The president has gone too far
By David Krieger

The president can no longer be considered simply a vacuous puppet brought to power by big business, a family name, and election fraud. He must now be viewed as a dangerous opponent of the constitutional form of government in the U.S., of international law and of the international order that was born in the aftermath of World War II.

The U.S. withdrawal from the treaty establishing the International Criminal Court, announced by the Bush administration last May 6, has all the markings of a watershed event -- an event that could make one weep for what it portends for the future of humanity and America.

The Bush administration is marching ahead in its assault on international law. Never before has a nation removed its sovereign signature from a treaty. Now it is done.

In a one-paragraph letter to the United Nations Secretary General, the U.S. undersecretary of state for arms control, John Bolton, wrote: "The United States does not intend to become a party to the treaty. Accordingly, the United States has no legal obligations from its signature on December 31, 2000." In other words, our commitment means nothing. There is no reason for other sovereign states to rely upon the commitments of the United States.

The administration has sent a clear signal that the U.S. will decide which laws it will support and which it won't, and the rest of the world be damned.

The Bush administration demonstrates little interest in supporting international law. It is also pulling out of the Anti-Ballistic Missile Treaty to pursue missile defenses and space weaponization. This is an administration of militarists and unilateralists. They talk about withdrawing from the International Criminal Court because they fear that U.S. servicemen could be brought to justice under the provisions of the Court. But what they really fear is that U.S. leaders will be held to the same set of standards that the Court will apply to all leaders throughout the world.

In an article written in 1999, the same John Bolton pointed out that it was not American soldiers that would be in the most jeopardy, but rather "the president, the cabinet officers who comprise the National Security Council, and other senior civilian and military officers responsible for our defense and foreign policy."

But what would U.S. leaders have to fear if they do not commit the most heinous of crimes under international law -- crimes such as genocide, crimes against humanity, and war crimes -- the same crimes for which the Nazis were held accountable at Nuremberg?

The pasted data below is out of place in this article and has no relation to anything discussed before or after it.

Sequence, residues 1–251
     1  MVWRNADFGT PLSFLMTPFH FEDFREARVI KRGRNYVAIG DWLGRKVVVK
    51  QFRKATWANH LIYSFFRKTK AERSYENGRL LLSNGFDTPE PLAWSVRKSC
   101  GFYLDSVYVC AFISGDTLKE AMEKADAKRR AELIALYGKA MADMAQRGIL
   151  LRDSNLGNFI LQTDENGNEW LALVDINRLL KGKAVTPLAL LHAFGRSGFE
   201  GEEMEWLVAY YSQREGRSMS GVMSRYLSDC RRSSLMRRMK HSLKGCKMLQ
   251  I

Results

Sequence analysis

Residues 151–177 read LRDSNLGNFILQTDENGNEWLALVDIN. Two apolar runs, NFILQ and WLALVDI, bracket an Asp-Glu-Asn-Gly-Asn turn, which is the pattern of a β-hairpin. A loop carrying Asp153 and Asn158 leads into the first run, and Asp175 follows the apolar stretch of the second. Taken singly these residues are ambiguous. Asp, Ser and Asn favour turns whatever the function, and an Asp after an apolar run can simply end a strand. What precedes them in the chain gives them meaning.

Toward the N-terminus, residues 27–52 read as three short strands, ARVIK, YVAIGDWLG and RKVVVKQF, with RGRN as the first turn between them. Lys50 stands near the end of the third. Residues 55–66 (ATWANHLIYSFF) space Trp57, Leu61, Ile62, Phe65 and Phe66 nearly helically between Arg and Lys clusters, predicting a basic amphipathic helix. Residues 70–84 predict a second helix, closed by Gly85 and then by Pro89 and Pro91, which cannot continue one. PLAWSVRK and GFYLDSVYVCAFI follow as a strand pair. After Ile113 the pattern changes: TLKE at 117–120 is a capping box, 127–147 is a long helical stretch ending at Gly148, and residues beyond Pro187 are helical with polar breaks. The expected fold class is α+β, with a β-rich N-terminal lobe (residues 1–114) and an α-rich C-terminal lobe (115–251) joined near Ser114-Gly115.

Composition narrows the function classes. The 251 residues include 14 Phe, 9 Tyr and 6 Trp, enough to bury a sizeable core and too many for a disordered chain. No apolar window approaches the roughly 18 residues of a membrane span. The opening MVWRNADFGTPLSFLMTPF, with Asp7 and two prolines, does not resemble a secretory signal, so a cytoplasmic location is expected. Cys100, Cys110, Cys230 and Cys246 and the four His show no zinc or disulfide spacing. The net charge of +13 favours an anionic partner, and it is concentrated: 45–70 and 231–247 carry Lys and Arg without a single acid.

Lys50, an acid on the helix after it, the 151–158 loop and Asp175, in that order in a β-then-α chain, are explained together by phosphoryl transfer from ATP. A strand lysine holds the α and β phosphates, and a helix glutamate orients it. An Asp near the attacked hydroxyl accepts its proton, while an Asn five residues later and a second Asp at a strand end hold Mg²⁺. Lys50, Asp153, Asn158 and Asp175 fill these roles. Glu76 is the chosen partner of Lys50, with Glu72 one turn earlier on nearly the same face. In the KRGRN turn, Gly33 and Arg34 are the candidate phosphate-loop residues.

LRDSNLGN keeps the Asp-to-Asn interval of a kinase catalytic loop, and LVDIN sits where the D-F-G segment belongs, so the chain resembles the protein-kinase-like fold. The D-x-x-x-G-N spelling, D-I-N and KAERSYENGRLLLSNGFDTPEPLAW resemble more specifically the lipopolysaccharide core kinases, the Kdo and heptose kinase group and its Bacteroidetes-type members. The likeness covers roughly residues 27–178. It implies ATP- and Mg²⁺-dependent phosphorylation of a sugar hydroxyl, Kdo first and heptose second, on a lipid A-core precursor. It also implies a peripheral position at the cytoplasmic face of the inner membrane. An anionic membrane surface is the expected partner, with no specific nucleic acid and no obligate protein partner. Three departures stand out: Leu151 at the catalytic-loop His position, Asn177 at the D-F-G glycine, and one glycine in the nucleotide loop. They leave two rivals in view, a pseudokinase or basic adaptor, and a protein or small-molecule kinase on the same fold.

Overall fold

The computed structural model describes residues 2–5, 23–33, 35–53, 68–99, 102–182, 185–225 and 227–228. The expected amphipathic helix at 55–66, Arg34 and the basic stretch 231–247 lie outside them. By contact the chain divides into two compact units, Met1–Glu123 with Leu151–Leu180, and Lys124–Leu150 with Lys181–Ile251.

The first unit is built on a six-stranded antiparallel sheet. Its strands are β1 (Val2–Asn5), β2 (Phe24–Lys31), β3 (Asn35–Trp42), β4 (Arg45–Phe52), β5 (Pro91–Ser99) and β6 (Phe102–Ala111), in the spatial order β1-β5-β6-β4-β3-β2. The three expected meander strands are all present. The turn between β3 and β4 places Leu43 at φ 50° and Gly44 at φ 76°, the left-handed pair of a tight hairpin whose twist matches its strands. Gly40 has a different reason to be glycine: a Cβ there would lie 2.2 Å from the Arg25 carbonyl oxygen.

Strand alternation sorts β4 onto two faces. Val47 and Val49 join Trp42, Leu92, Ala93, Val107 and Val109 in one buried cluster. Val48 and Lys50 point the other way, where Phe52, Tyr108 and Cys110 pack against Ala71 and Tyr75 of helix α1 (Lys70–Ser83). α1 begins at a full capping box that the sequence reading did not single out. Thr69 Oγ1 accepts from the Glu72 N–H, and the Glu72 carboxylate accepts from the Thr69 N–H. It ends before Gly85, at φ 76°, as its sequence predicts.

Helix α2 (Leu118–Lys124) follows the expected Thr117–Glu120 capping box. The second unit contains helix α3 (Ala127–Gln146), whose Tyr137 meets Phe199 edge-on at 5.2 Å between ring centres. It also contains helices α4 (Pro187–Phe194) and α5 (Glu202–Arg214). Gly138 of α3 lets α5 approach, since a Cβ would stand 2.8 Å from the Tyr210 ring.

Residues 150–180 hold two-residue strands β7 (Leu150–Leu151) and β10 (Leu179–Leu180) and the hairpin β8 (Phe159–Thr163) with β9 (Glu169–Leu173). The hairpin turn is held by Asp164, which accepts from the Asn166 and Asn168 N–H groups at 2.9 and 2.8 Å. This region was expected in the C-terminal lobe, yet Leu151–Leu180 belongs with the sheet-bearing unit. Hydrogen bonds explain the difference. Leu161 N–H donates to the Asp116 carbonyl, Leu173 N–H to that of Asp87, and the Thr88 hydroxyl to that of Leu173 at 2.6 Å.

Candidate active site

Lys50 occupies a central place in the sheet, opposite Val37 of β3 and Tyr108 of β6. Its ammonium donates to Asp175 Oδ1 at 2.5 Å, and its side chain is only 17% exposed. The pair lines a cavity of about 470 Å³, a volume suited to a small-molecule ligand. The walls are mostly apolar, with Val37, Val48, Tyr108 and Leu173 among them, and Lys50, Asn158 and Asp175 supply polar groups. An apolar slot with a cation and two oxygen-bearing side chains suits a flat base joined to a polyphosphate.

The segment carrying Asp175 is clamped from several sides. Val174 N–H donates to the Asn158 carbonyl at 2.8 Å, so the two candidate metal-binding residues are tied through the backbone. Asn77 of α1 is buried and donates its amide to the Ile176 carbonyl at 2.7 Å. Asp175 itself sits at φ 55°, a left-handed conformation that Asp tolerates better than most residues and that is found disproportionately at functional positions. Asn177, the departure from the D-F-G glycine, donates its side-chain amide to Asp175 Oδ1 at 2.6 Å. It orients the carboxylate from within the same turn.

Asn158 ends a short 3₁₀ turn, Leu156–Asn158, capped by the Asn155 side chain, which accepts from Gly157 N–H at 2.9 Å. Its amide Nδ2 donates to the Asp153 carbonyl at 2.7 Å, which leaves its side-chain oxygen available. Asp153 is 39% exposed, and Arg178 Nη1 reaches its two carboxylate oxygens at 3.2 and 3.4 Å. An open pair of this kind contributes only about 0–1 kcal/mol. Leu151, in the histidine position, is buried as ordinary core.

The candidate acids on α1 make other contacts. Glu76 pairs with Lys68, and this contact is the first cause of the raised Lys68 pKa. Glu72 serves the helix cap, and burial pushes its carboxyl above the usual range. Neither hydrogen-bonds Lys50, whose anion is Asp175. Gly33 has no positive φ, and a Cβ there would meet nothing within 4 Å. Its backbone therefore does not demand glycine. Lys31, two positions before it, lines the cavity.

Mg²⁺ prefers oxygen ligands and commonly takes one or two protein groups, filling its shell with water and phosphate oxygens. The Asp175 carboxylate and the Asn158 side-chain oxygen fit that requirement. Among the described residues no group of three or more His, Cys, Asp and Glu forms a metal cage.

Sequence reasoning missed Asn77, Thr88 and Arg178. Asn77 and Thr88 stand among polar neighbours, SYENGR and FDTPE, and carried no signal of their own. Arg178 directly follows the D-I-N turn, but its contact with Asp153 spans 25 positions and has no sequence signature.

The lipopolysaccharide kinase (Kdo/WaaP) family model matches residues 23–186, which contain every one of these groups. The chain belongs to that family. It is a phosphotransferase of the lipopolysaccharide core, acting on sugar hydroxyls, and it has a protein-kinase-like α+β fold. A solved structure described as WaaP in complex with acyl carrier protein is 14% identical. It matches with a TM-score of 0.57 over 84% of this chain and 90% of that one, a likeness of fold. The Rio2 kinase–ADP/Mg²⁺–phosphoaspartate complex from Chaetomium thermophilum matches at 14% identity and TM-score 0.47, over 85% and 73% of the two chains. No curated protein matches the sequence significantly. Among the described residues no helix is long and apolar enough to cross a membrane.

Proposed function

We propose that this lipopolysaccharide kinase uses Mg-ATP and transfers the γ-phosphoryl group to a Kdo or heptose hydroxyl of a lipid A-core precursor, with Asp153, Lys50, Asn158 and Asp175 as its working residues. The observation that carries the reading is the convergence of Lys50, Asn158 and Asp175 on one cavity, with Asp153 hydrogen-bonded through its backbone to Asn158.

Since Bush has become president, the United States has increased its military budget by nearly $100 billion -- from $300 billion to almost $400 billion. Military power is the administration's answer to international law. Defense Secretary Rumsfeld talks in plain language about our efforts to kill whomever we deem as our enemy. We are breaking with our allies, who are committed to international law.

The U.S. has become a unilateralist superpower, a rogue superpower, a dangerous force for international anarchy.

The House of Representatives has rubbed salt in the wound of our allies in the international community who support the Court. They voted 264 to 152 in a sense of the Congress amendment to the Department of Defense Authorization Bill that no funding in the bill "should be used for any assistance to, or to co-operate with or to provide any support for, the International Criminal Court."

The House of Representatives, at the instigation of Tom DeLay, also attached an amendment to the Supplemental Appropriations Bill that would prohibit U.S. co-operation with the Court and would even authorize the U.S. to invade Holland to free members of the U.S. armed forces, civilians and allies held by the Court.

Most of the Senate has remained silent on Bush's decision to withdraw from the Court. Senator Christopher Dodd, whose father was a prosecutor at Nuremberg, referred to the president's decision as "irresponsible, isolationist, and contrary to our vital interests."

Senate Majority Leader Tom Daschle responded to Mr. Bush's decision with these words of opposition: "This decision vastly decreases our ability to shape the ICC, ignores the fact that the ICC will come into existence regardless of whether we are involved or not, and raises the specter of unilateralism just as we will be turning to our allies for help in a series of crucial policy, diplomatic and perhaps military undertakings."

The United States, which has an unparalleled opportunity to lead the world in upholding human rights and achieving a just peace, has slipped precipitously from the aftermath of World War II when it led the world in bringing Nazi leaders to justice at the Nuremberg Trials. The U.S. chief prosecutor at Nuremberg, Justice Robert Jackson, argued, "The law must also reach the men who seize great power and deliberately combine to make use of it to commit an evil which affects every home in the world. The last step in preventing the periodic outbreak of war, which is unavoidable with international lawlessness, is to make a statesman responsible before the law."

Bush's policies promote international lawlessness and impunity under international law to leaders accused of grave crimes, such as Osama bin Laden, General Augusto Pinochet, Idi Amin, Pol Pot and Henry Kissinger. The president's policies encourage present and future leaders to believe that their crimes will also be blessed with impunity under the law. In the eyes of the world, including those of our closest allies, these policies underscore the U.S. abdication of leadership in upholding international law and human rights.

David Krieger is president of the Nuclear Age Peace Foundation in Santa Barbara, California. More information may be found on websites www.wagingpeace.org and www.nuclearfiles.org.